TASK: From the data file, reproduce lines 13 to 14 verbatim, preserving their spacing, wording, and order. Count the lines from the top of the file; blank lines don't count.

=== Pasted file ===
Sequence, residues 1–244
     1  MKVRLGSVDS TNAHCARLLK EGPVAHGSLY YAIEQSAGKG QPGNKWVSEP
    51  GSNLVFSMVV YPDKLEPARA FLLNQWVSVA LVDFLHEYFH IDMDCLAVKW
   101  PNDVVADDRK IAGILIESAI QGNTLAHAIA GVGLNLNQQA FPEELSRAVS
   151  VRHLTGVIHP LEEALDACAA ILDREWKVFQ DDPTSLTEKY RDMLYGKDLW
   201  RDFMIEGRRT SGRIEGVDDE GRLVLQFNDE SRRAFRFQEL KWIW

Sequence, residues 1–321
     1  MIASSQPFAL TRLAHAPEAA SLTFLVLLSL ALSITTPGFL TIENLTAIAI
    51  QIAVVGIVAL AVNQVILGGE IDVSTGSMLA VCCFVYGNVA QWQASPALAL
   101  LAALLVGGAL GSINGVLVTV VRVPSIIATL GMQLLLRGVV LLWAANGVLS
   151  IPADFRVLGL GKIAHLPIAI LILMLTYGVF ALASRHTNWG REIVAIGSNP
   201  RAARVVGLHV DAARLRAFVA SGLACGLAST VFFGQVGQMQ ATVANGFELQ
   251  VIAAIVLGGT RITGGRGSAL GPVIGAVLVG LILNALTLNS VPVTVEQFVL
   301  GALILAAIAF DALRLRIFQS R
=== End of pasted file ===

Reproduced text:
   251  VIAAIVLGGT RITGGRGSAL GPVIGAVLVG LILNALTLNS VPVTVEQFVL
   301  GALILAAIAF DALRLRIFQS R